Mid-South Wrestling (TV #149)
July 17th 1982
Irish McNeil Boys Club: Shreveport, LA.
Bill Watts was back on colour commentary duty this week and he and Boyd Pierce opened the show and ran down all the matches on today’s show, including Mr Olympia defending the Mississippi title against Bob Roop and the Junkyard Dog & Ernie Ladd teaming up for the first time ever on television. Watts talked about Bob Roop always having a plan and questioned if he had a counter to Mr Olympia’s Sleeper hold. Watts put over Grizzly Smith for putting together such a great card then he threw to the ring for the opener.
The Grappler vs. Buck Robley. – Robley over in 5:52. Match was kind of dull until the finish, which was all-kinds of wacky old-school awesomeness. Watts talked about the 10 minute time limit all the TV matches had and said that in the arenas sometimes the wrestlers do battle for an hour but on TV they only have 10 minutes to try and impress the promotors and the fans. Finish saw Grappler neck Robley on the top rope and he loaded up his “orthopaedic” boot. Referee, Alfred Neeley saw what was going on and reprimanded Grappler and this gave Robley the chance to load up his forearm pad, which if you remember protected his “bionic” arm with a steel rod in it. Grappler tried to use his loaded boot but Robley countered and dropped his loaded up forearm pad onto Grappler’s skull for the win.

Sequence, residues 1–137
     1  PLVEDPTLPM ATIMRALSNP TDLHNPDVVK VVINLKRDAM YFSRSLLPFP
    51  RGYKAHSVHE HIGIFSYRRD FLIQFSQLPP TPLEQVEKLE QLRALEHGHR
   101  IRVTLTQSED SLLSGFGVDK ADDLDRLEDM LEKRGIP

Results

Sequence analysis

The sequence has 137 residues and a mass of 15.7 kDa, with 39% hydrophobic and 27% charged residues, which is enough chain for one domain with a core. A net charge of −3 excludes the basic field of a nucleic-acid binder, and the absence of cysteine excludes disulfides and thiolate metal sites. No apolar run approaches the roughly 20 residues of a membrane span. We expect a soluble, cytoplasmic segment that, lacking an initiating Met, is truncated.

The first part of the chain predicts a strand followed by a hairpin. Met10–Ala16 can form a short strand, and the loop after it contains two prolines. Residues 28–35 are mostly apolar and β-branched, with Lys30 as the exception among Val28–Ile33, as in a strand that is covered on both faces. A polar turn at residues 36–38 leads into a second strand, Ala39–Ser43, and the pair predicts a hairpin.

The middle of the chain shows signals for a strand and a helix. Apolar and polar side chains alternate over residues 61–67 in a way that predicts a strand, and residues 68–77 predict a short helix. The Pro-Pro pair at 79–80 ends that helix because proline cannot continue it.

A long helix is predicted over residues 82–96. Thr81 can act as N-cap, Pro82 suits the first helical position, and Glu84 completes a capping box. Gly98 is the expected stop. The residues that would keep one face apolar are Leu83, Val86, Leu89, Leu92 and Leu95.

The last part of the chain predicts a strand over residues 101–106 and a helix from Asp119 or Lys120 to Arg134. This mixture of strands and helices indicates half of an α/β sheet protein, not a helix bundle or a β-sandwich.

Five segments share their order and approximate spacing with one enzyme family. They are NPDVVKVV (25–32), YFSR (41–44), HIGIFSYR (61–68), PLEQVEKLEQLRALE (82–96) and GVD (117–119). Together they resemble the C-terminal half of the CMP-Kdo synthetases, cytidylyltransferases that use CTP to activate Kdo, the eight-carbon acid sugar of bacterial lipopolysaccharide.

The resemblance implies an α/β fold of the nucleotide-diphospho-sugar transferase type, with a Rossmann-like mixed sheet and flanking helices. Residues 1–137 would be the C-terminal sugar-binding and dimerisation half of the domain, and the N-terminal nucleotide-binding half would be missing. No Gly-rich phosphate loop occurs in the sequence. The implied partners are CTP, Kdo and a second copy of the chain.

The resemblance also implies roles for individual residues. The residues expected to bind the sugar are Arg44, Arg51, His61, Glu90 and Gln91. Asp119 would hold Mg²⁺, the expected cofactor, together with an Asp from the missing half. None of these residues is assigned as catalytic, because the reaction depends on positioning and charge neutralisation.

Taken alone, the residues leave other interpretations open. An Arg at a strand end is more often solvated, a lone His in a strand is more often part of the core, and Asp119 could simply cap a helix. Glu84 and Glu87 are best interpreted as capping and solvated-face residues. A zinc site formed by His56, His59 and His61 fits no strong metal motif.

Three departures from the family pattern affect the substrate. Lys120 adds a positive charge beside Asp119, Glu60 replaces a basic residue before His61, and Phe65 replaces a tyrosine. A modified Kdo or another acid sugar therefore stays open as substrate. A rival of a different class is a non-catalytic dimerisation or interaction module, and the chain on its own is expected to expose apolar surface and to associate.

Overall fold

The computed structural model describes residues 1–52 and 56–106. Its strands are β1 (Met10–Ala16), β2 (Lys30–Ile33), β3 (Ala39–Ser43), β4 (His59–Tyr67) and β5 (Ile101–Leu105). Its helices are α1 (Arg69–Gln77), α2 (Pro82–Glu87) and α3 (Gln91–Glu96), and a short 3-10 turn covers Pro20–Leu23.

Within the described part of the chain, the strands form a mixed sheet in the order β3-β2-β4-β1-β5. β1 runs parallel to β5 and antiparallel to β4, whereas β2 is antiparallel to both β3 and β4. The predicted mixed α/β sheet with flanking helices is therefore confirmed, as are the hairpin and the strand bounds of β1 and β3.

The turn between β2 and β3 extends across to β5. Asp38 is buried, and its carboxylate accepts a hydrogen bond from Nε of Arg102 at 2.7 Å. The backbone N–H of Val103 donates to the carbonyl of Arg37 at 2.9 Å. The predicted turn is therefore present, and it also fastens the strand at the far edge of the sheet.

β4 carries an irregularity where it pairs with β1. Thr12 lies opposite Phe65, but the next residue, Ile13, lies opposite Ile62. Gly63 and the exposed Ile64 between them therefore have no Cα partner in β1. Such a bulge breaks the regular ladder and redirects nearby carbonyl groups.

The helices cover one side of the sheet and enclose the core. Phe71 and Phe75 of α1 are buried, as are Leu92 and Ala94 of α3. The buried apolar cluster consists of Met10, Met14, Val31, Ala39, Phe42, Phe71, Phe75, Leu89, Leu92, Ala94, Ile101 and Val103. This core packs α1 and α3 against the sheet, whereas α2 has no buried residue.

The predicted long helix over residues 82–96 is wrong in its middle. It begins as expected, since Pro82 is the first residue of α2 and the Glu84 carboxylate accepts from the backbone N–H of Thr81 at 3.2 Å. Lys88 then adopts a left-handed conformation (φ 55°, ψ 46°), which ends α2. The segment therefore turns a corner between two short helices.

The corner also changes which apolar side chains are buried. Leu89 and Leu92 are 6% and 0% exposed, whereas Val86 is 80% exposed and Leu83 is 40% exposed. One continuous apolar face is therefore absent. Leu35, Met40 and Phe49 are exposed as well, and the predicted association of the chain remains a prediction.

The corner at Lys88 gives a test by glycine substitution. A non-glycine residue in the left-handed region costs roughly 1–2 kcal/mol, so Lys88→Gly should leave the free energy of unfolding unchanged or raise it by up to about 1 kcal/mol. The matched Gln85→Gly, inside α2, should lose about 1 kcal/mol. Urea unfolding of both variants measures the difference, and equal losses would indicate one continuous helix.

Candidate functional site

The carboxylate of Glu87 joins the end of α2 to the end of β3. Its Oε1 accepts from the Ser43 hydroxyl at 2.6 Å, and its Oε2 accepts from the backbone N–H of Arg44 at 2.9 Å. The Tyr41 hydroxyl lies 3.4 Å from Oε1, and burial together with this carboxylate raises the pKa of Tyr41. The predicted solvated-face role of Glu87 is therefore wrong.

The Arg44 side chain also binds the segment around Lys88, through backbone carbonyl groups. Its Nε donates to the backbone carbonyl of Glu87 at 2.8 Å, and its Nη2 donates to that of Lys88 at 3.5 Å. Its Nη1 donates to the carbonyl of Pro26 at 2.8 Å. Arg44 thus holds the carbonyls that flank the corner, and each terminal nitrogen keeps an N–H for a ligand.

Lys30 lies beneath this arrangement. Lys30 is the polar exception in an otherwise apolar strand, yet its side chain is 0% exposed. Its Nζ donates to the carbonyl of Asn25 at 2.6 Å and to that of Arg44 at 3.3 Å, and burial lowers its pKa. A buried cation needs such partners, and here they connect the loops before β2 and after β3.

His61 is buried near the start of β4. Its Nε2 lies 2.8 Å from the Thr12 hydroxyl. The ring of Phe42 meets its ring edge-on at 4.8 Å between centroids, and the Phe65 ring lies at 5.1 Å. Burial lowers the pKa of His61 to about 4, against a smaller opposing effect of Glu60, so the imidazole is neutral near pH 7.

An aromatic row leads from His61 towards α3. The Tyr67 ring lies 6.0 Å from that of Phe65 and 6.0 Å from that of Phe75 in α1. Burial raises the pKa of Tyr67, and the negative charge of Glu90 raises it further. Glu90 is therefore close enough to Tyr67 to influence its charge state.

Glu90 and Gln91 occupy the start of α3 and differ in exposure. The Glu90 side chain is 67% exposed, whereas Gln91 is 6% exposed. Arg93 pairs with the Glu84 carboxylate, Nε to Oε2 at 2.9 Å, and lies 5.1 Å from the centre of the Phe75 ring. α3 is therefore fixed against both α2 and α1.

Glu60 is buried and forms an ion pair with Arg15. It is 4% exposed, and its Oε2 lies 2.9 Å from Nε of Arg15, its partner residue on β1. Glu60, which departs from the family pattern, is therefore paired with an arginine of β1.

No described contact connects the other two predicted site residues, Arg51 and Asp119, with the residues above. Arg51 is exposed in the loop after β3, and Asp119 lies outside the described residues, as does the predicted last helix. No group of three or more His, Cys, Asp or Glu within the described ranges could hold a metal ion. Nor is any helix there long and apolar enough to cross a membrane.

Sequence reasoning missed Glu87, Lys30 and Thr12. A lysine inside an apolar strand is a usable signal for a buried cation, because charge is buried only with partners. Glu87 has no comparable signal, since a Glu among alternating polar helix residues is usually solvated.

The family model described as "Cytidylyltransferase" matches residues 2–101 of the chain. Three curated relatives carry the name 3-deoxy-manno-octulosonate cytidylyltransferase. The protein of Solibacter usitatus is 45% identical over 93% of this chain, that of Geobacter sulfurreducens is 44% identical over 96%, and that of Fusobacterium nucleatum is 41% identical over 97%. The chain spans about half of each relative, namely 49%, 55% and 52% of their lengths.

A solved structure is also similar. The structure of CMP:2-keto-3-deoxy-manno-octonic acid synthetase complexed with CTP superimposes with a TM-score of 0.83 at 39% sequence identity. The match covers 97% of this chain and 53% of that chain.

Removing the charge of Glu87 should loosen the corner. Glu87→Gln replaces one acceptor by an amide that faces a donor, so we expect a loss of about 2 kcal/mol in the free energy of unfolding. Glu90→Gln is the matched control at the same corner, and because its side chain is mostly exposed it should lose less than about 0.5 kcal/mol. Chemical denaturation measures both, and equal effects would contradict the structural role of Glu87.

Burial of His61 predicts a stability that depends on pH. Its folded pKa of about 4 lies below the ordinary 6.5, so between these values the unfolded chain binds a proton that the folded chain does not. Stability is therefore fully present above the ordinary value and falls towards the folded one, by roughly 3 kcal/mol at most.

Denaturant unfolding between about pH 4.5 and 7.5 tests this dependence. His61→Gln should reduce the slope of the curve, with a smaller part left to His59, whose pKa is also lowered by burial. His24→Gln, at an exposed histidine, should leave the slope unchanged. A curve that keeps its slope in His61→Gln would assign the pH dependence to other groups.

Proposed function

Non-Title, Ted DiBiase (North American Heavyweight Champion) vs. Buddy Landel. – DiBiase over in 4:31. This was a really effective enhancement match. Now that he is a heel, instead of dominating in an impressive fashion, DiBiase resorted to heel tactics to get the advantage. Landel held his own in the earl exchanges then DiBiase got frustrated and took over after roughing up Landel in the corner. Landel made a short comeback but DiBiase cut him off with a black glove clad straight right hand then hit a powerslam, a fist drop and he finished off an unconscious Landel with the Figure-Four. Watts told a story about DiBiase’s mentor, Dick Murdoch calling him from the “New Japan hotel” and talking about how upset he was with Teddy’s actions. Watts said that Murdoch was there for DiBiase when his father was “killed” and “expired” in the ring then questioned what would happen when Murdoch returned to Mid-South after his tour of Japan.